Wednesday, August 25, 2010

We Are the World, But Not the Norm

Turns out that you are weird; me too. As a society, we are Western, Educated, Industrialized, Rich, and Democratic - WEIRD.

This is important beyond being a simple descriptive acronym because the vast majority of psychology experiments - the ones aimed at finding the universal truth about human behaviour - are based on us. The trouble is that "96% of behavioural science experiment subjects are from Western industrialized countries, which account for just 12% of the world's population."

So why aren't we a good ruler with which to measure all of humanity?

Adam McDowell writes in the National Post about the findings of University of British Columbia researcher Joseph Henrich and his colleagues. Their research shows that we in the West are the odd ones.

Henrich and colleagues used an experiment called the Ultimatum Game, a test of altruism, and found that we Westerners do things differently than almost every other culture worldwide. Here's how the game is played:
The Ultimatum Game works like this: You are given $100 and asked to share it with someone else. You can offer that person any amount and if he accepts the offer, you each get to keep your share. If he rejects your offer, you both walk away empty-handed.
North Americans typically offer more than people from other cultures. We also reject higher offers more often as well. How we play the Ultimatum Game makes us the weird ones.

Henrich's work has far-reaching implications because so much behavioural research is based on us.  And it goes far beyond the fact that all cultures are different. Most other cultures are the same in how they play the game, and we are different, which is not a problem unless one is trying to make universal claims about human behaviour based on us.

Understandably, there is some negative reaction to these findings: we don't like to be told that we are weird. Westerners have for centuries seen themselves as the "norm" against which all others are measured.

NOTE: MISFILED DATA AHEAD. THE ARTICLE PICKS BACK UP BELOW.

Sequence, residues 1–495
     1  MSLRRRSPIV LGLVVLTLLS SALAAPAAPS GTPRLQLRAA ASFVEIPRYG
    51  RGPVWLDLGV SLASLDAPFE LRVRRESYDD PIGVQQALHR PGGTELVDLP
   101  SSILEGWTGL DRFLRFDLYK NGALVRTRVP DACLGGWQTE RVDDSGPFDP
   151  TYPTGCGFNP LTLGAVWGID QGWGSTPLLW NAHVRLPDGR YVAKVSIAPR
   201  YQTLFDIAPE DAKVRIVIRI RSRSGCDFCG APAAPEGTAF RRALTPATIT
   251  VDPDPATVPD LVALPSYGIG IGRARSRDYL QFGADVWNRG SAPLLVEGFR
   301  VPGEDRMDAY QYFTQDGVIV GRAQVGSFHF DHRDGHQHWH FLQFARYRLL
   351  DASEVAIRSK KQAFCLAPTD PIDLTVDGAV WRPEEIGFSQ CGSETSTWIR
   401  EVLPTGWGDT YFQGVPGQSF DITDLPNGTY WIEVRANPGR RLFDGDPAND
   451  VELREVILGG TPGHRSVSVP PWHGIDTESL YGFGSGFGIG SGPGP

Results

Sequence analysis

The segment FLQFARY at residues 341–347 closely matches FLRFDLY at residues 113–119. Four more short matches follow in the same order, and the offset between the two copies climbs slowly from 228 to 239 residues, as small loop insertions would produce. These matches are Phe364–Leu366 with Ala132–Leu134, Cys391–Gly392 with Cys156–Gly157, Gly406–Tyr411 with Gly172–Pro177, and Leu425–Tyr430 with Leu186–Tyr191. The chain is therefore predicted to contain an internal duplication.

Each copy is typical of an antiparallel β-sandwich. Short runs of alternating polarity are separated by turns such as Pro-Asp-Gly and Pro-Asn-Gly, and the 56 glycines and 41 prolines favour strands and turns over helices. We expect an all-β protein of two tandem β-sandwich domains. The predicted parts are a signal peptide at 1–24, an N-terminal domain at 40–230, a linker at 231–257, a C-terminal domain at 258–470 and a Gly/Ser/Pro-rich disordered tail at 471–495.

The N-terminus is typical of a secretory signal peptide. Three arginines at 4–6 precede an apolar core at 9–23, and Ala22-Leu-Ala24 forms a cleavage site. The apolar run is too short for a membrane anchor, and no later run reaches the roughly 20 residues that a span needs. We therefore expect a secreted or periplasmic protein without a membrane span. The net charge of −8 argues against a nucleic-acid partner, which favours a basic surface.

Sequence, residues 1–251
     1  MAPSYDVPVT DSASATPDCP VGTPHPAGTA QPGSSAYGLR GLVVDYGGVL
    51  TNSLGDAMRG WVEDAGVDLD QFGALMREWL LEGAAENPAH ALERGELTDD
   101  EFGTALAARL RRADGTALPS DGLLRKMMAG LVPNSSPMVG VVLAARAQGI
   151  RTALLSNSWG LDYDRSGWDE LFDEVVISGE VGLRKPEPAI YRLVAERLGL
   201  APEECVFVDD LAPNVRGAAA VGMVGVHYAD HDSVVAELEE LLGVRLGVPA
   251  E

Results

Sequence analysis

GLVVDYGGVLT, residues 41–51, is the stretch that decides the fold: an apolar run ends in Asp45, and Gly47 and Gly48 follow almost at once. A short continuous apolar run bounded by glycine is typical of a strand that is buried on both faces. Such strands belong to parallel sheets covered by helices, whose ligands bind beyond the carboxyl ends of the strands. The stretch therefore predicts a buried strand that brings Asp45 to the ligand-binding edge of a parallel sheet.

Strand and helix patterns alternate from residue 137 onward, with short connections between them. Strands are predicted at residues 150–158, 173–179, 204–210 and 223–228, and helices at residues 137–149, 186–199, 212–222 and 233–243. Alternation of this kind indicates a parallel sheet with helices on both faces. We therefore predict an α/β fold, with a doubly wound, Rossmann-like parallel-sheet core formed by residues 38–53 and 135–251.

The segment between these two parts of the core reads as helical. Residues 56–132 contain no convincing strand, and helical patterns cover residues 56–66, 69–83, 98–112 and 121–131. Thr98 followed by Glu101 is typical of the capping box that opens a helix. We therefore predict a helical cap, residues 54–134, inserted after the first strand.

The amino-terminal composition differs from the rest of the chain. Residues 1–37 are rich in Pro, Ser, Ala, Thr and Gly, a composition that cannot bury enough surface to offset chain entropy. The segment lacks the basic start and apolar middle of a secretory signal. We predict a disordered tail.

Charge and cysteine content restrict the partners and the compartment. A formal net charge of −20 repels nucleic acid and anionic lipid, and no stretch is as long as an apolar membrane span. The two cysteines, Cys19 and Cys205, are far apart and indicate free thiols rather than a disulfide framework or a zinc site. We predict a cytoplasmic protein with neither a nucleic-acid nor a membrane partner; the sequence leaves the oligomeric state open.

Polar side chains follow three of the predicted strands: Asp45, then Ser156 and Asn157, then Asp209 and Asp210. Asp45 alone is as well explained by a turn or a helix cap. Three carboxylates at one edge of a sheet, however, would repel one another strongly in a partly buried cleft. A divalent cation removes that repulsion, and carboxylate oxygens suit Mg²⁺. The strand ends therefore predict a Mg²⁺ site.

Our W.E.I.R.D. culture may well be superior in some ways. Our culture may well be inferior in others. The research is not a judgement about the West.

When it comes to any "norm," we are not the world. When it comes to joining with the rest of the world to help each other, we are all the world.

We are the world for Pakistan and Haiti.

Support Doctors Without Borders in Haiti


Trulyfool said...


The 'we are the world' sing-alongs always strike me as -- at best -- sentimental.

"We" aren't the world. You're exactly right.

Insofar as behavioral norms go, it may be that we respond differently to 'experiments', but frankly, whatever experimental stuff comes down the pike, I am inevitably under-awed.

It may very well -- behaviorally -- be tied to cultural norms. We can see that just by watching the cultures without necessarily determining whether there is a 'human standard'.

The 'human standard' may advance -- I know 'advance' or 'progress' are suspect terms -- through particular cultures, acculturation. We ('the West') may have been setting that standard for some time.

I was about to launch into a 'defense of the West'. I won't.

That we misconstrue other cultures is undeniable and regrettable.

That they misconstrue us is jaw-dropping.

Our power to influence them against their resistance has been causing generations of problems.

But they mistake our galumphing power with our enfranchising ideals, most of which many of those Others simply fear because of the confusion.

They -- the Many, not the Westernized elites -- have no large enough a foundation to absorb what's coming at them.

Our massive charity efforts are superlative, and people helped by those I'm sure feel the same gratitude -- and godly relief! -- that I would.